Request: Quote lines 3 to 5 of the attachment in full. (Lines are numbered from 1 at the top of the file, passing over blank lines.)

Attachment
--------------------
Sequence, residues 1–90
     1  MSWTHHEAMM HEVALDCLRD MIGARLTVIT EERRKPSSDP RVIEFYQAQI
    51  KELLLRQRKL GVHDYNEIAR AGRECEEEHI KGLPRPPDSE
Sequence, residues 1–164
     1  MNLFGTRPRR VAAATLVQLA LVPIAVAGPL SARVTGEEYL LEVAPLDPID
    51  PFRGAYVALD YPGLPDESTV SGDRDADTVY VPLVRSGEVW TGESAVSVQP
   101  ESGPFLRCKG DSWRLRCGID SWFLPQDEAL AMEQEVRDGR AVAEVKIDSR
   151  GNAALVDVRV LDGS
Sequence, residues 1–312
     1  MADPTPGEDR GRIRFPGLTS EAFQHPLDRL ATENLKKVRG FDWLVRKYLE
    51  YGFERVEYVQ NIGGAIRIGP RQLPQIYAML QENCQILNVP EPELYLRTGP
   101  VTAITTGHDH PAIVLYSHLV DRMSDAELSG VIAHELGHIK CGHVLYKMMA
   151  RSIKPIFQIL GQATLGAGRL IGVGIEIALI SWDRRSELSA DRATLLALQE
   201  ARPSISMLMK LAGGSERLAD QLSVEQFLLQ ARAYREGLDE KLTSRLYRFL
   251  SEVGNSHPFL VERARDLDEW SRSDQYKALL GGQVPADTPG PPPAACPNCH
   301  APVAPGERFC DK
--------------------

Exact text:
    51  KELLLRQRKL GVHDYNEIAR AGRECEEEHI KGLPRPPDSE
Sequence, residues 1–164
     1  MNLFGTRPRR VAAATLVQLA LVPIAVAGPL SARVTGEEYL LEVAPLDPID